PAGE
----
Wegmans — and lawsuits — move forward in Hanover
Rochester, New York-based supermarket chain Wegmans Food Markets Inc. is building a $175 million distribution center and regional headquarters near the intersection of Sliding Hill and Ashcake roads in Hanover County. The 1.1 million-square-foot facility is expected to create roughly 700 jobs, making it one of the most significant economic development projects in county history.
However, not everybody is excited about the supermarket’s new site, and the project has faced pushback since it was announced in 2019.
Wegmans’ facility is one of several warehouse and distribution centers underway in Hanover — a trend that has county economic development officials thrilled over new jobs and major corporate investments.
But residents of Brown Grove, the historically Black community in Hanover where the facility will be located, are leading the resistance to the project, which they contend will disturb cemetery land and is just the latest in a long string of disruptive development projects around their neighborhood.
While two ongoing legal challenges — including one by the Hanover NAACP — navigate through the courts, Wegmans has secured the permits necessary to begin preparing the site, and county officials estimate that the facility could be completed within the next two years.
Brown Grove traces its origins to Caroline Dobson Morris, who was born into slavery and emancipated after the Civil War. Residents there have watched as the surrounding land has been transformed — first by Interstate 95 and then by concrete plants, landfills, a municipal airport and, soon, the grocery distribution center.
“This facility is planned to be the size of the Pentagon and it is being dropped right in the midst of the historic African American community,” says Hanover NAACP President Patricia Hunter-Jordan. “It’s right across the road from a 150-year-old church, which has been the center of the community.”
Wegmans representatives did not return calls seeking comment, but Hanover Director of Economic Development Linwood Thomas IV says the grocery chain wants to work with Brown Grove.
“[Wegmans will] continue to work with the surrounding communities, including the Brown Grove community, to look for ways to partner with them,” Thomas says. “They want to be good community partners.”
While Wegmans has begun clearing land, pending court cases could impact the site’s future.
Five neighbors of the future distribution facility filed suit against the Hanover County Board of Supervisors, the former property owners and Wegmans, challenging the board’s decision to offer Wegmans proffered conditions on the site — including allowing graves to be moved.
A judge dismissed the lawsuit in August, on the grounds that the neighbors do not have standing in the case. Shortly after that ruling, Wegmans purchased the site for $4 million and announced plans to begin construction. The neighbors appealed to the Supreme Court of Virginia, and if it decides to hear their case, it will be ruling only on whether or not neighbors have standing.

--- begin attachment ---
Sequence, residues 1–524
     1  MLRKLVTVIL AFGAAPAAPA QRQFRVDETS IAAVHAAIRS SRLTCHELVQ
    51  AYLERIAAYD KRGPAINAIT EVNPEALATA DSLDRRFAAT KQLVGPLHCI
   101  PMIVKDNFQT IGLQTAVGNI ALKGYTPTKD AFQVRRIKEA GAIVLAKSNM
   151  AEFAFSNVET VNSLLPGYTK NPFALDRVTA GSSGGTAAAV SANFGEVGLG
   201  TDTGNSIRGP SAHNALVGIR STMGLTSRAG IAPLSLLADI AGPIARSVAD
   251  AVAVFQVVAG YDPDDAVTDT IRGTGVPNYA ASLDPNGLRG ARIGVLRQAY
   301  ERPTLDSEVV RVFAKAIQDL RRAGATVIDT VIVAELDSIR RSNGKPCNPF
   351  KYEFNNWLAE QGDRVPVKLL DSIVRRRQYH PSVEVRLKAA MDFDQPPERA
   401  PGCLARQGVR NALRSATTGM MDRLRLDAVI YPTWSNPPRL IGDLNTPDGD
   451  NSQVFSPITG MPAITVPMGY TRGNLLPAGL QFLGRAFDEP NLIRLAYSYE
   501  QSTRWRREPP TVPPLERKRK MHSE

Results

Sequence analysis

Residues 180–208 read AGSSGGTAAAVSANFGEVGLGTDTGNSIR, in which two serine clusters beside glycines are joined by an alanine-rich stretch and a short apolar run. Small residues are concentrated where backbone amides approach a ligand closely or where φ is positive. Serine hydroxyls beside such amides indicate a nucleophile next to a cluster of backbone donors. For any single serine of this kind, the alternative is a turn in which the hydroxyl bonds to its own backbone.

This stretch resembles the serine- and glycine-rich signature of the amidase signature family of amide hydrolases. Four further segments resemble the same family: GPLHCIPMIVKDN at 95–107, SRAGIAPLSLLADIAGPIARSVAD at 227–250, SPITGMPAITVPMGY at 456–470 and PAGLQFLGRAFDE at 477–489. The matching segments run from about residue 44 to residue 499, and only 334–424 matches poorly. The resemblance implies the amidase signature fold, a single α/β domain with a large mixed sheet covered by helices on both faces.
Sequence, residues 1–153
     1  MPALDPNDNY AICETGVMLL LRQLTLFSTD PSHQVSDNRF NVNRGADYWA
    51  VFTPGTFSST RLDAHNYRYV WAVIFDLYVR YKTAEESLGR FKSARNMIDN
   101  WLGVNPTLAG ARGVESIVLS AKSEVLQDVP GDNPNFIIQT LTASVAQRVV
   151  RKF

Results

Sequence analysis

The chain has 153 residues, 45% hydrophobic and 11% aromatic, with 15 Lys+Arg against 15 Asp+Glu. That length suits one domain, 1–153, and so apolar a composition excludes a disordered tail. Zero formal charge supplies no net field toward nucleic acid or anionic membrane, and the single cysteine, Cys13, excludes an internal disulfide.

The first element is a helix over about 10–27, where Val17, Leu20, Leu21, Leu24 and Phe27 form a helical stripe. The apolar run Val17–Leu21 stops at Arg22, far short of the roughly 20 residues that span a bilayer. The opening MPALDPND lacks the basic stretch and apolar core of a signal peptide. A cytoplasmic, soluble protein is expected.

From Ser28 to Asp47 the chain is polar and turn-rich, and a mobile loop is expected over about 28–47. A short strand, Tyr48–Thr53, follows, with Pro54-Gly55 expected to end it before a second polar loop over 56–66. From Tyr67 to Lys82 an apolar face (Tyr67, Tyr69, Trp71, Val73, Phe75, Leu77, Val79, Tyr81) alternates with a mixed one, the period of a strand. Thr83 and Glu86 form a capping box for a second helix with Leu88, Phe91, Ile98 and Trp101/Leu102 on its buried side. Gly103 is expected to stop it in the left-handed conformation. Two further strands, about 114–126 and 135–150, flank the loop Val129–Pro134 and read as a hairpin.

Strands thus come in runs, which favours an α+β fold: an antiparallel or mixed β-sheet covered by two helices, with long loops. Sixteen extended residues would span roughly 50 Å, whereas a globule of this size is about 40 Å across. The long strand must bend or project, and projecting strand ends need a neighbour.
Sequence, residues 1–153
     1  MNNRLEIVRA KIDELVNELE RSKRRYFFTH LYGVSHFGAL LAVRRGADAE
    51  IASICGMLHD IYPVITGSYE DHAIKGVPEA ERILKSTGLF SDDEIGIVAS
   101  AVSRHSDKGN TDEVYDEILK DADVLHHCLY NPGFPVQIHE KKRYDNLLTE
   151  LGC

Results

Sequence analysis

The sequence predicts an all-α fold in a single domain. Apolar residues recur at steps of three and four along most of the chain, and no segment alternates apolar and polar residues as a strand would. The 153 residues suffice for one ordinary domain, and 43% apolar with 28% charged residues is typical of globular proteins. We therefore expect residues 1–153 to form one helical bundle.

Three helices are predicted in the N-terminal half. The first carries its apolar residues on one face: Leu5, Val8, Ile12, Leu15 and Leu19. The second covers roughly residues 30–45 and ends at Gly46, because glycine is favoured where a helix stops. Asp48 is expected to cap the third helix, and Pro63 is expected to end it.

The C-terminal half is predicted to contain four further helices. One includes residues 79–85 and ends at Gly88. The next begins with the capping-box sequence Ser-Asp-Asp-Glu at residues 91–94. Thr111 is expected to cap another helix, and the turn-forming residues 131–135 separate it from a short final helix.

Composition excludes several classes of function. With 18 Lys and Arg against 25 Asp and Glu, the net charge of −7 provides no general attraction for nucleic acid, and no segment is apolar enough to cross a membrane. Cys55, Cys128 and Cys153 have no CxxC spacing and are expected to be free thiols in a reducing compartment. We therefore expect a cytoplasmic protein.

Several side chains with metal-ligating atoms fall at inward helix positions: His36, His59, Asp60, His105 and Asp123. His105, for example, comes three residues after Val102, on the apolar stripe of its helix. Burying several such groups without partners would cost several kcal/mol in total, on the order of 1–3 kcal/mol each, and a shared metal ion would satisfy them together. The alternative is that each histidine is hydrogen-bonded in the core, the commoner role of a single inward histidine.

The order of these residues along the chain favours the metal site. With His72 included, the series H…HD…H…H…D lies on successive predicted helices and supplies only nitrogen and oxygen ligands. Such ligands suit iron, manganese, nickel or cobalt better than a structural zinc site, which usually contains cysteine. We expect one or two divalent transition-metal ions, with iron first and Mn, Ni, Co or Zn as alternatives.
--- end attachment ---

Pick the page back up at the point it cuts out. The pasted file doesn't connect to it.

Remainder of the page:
Meanwhile, the Hanover NAACP and a group of residents have filed a second lawsuit against Wegmans, the state and the Department of Environmental Quality alleging that the State Water Control Board did not choose the least environmentally damaging alternative for the Wegmans site, says Brian Buniva, the attorney representing plaintiffs in both cases. The suit also alleges that the DEQ did not thoroughly vet the application that Wegmans submitted and allowed the grocer to dramatically underestimate the amount of wetlands that would be impacted by the project.
“Corners were cut for Wegmans that nobody else in the commonwealth gets,” says Chris French, the environmental justice chair for NAACP’s Hanover branch. “That should get everybody’s attention. The rules of a farmer who wants to create a pond will be held up much more strictly than a corporation like Wegmans.”
Opponents to the development also say that building on the site would unearth graves of their ancestors, although searches conducted by both community members and consultants hired by Wegmans have failed to find definitive evidence of graves.
One of the proffered conditions that county supervisors approved in 2020 changed a requirement to leave any gravesites undisturbed. Instead, the property owners can relocate graves.
“Any graves that are discovered (and which are in conflict with the approved plan or the necessary improvements) have to be treated with respect and must be appropriately relocated as required by state regulations,” Hanover County Attorney Dennis A. Walter wrote in an email.
As the legal wrangling continues, county officials are confident Wegmans and regulatory agencies followed the necessary steps.
“This was analyzed with a fine-tooth comb,” Thomas says. “It has been reviewed. We don’t look at these lawsuits lightly.”